Having just married, I naturally think about how I would raise my kids. I also ask myself whether success for kids is determined by effort or talent. What I didn’t think was that something a simple as the manner we praise our kids could have dramatic consequences:

Uncle Sams - IQ testsProfessor Dweck and colleagues made a research with this regards that simply shocked me. It showed how small nuances can impact our lives dramatically: In the study they divided a group of around 400 hundred kids in two groups and gave them an IQ test. They then praised kids in one of two ways. To one group they would compliment their intelligence and say things like: ” Wow, you must be very intelligent”. To the other group they praised the effort and said things like: ” Wow, great job, you must have worked really hard at this”.

Then they gave the kids the choice of taking a similar test, or a slightly harder one. Most kids who were praised for their intelligence choose the same level kind of test, while a majority of those who were praised for their effort happily took on the challenge of the harder test. The reason for this was that the first group believed they were being appreciated for their innate talents, and didn’t want to disappoint, while the second group assumed it was their effort and persistence that was being admired. This is why they were happy to take on the challenge.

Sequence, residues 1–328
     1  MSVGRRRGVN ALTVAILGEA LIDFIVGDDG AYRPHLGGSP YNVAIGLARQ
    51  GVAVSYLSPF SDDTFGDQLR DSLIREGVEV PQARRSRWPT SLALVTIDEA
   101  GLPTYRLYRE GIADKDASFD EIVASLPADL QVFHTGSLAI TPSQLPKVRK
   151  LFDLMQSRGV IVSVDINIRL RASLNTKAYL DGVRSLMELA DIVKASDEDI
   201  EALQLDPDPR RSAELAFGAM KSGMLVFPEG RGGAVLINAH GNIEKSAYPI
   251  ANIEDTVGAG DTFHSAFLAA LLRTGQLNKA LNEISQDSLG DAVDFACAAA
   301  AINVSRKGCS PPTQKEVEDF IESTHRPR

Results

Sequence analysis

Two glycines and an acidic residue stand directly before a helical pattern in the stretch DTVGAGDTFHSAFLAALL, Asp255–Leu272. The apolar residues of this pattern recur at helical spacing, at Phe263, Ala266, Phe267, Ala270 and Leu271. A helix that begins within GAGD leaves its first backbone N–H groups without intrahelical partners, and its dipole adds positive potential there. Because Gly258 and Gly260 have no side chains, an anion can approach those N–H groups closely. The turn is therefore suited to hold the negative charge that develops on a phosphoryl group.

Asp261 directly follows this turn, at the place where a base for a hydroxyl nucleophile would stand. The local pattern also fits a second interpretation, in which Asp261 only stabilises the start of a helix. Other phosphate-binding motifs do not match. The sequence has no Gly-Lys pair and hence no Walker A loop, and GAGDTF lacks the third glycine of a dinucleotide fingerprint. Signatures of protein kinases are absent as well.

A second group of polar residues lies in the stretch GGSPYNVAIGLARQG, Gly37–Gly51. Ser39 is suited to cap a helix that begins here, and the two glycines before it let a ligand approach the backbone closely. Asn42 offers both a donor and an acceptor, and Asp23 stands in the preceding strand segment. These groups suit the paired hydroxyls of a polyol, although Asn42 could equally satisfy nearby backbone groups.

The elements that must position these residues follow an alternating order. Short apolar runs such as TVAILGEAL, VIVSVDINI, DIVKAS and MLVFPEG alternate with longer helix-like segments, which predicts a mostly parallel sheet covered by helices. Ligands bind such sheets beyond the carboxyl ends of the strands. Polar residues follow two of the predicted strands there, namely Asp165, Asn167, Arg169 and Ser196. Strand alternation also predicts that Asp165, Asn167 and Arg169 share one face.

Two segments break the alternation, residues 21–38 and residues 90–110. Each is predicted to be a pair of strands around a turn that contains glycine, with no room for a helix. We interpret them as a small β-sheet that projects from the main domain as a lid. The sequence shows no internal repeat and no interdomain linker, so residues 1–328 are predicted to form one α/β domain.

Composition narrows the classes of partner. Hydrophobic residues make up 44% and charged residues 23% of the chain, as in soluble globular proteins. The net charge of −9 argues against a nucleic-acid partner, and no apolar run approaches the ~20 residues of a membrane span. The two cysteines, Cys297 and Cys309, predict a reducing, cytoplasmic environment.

In the next part of the study, all kids received an unsolvable test. Again, there was a big difference in attitude between the two groups. Those praised for intelligence gave up much quicker and felt extremely frustrated, while members of the other group worked harder, persisted much longer and actually enjoyed the process of trying to solve the riddle.

epSos.de - Happy Kids

In a final test all kids received a very similar IQ test to the first one they had been given. This is where the results stunned me. Those kids who were praised for their intelligence scored 20 percent worse than in their first test, while those kids that were praised for their efforts, did better by 30 percent.This study has been a real eye opener to me, as it demonstrates how small distinctions in the way we praise kids can impact their performance by up to 50 percent. It also scares me as it shows how easily we can say or so things that inhibit success in children. Therefore I will be looking out for more more research on this topic. Any recommendations?


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